Advanced periodontal disease – Gum pockets in excess of 6-7mm are usually accompanied by bone loss and gum recession. Scaling and root planing will always be performed as the initial nonsurgical treatment. In addition to those nonsurgical treatments, the periodontist may recommend surgical treatment to reduce pocket depth.

Tooth loss – Where one or several teeth are missing due to periodontal disease, dental implants are an effective option. If the bone is strong enough to provide a suitable anchor for the prosthetic tooth, the implant can be placed. However, if the bone is severely eroded, bone grafts may be performed by the periodontist to provide a suitable anchor for the new tooth/teeth.

Ask us if you have questions about periodontal disease, periodontal treatment, or dental implants.

Periodontal Scaling & Root Planing

The objective of scaling and root planing is to remove etiologic agents that cause inflammation to the gingival (gum) tissue and surrounding bone. Common etiologic agents removed by this conventional periodontal therapy include dental plaque and tartar (calculus).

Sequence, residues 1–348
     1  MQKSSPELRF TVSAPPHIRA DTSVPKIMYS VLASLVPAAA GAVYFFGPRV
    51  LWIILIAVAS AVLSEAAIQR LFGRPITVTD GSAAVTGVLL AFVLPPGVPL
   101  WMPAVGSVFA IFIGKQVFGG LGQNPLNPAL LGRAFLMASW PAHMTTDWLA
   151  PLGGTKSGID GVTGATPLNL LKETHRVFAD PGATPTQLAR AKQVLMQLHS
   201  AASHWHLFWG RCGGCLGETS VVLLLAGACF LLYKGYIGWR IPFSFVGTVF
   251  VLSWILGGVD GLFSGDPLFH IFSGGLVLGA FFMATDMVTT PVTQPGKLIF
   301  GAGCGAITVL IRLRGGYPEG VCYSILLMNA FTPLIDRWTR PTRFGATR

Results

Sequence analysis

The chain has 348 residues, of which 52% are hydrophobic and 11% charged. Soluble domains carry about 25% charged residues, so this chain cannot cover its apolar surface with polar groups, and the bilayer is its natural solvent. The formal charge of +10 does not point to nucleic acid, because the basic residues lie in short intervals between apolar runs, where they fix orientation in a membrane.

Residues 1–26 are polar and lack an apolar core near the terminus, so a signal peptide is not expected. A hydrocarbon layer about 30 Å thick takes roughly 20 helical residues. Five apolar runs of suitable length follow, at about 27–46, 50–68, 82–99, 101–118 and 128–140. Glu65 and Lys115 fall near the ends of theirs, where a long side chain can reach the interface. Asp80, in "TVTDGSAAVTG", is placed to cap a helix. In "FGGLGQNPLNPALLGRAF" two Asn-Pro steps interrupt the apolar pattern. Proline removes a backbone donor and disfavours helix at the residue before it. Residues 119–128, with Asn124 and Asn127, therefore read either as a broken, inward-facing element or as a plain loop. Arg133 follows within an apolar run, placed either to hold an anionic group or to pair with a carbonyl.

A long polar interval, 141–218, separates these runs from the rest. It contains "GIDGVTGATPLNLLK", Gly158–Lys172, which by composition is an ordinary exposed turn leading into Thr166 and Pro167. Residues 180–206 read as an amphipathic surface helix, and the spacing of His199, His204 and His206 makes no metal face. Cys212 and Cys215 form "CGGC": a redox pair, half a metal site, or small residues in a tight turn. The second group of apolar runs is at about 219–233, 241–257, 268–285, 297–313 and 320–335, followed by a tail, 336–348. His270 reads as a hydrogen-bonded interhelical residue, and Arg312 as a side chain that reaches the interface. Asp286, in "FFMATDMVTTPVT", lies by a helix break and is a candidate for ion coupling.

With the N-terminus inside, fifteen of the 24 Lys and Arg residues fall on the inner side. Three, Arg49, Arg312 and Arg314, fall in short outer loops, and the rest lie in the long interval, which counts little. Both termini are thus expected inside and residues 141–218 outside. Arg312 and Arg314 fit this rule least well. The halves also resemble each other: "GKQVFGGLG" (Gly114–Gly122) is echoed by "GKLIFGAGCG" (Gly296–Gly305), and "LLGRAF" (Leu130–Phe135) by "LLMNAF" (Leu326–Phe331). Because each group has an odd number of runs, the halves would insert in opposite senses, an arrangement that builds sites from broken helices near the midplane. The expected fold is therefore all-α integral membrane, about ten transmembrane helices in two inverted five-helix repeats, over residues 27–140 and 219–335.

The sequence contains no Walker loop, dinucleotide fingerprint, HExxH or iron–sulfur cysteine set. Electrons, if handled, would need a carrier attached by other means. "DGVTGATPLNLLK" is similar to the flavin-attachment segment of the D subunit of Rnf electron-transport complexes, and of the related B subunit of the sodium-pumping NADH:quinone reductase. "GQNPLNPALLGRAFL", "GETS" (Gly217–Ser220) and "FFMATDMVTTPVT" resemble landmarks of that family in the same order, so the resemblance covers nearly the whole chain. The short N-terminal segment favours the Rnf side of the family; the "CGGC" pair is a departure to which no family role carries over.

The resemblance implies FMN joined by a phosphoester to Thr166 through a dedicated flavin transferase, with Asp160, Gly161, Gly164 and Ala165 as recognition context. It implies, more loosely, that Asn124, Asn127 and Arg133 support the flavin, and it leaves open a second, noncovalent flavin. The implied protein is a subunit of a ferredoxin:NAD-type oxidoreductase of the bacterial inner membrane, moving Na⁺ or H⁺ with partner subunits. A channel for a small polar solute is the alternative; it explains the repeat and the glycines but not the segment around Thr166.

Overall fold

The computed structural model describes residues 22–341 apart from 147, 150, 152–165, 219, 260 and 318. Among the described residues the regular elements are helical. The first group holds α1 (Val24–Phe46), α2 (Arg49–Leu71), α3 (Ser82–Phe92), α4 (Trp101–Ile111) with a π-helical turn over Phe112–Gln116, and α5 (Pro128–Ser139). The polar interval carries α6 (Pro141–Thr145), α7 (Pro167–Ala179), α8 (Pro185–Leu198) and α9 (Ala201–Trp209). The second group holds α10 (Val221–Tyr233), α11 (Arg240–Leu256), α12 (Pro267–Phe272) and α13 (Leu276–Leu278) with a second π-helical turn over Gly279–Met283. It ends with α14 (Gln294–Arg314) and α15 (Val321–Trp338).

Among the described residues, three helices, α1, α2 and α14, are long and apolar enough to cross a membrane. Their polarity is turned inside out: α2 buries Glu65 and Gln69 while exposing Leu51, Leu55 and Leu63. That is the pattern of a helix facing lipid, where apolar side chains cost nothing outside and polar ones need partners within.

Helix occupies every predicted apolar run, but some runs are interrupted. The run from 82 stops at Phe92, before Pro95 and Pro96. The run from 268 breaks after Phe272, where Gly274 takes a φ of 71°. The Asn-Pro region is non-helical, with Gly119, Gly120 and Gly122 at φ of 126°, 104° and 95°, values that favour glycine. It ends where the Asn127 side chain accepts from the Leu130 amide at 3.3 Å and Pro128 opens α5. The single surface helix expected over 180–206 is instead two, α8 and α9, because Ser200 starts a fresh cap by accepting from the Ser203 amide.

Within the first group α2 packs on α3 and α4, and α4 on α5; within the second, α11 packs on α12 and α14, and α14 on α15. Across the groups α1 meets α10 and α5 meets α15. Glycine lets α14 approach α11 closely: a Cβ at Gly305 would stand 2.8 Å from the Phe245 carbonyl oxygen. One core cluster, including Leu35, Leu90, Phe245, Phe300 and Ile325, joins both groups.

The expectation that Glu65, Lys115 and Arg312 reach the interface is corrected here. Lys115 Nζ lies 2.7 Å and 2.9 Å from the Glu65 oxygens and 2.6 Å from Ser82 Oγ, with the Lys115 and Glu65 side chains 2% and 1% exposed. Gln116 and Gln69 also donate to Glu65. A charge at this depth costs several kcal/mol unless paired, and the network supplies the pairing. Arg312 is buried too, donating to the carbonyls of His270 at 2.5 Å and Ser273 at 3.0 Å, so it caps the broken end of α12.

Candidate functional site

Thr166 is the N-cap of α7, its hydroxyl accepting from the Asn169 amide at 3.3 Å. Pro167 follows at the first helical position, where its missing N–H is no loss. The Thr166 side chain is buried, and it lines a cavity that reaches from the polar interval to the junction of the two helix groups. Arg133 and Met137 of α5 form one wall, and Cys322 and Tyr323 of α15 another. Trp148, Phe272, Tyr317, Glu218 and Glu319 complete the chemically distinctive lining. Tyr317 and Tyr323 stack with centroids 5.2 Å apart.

These non-surgical procedures which completely cleanse the periodontium, work very effectively for individuals suffering from gingivitis (mild gum inflammation) and moderate/severe periodontal disease.

Reasons for scaling and root planing

Scaling and root planing can be used both as a preventative measure and as a stand-alone treatment. These procedures are performed as a preventative measure for a periodontitis sufferer.

Here are some reasons why these dental procedures may be necessary:

  • Disease prevention – The oral bacteria which cause periodontal infections can travel via the bloodstream to other parts of the body. Research has shown that lung infections and heart disease have been linked to periodontal bacteria. Scaling and root planing remove bacteria and halts periodontal disease from progressing, thus preventing the bacteria from traveling to other parts of the body.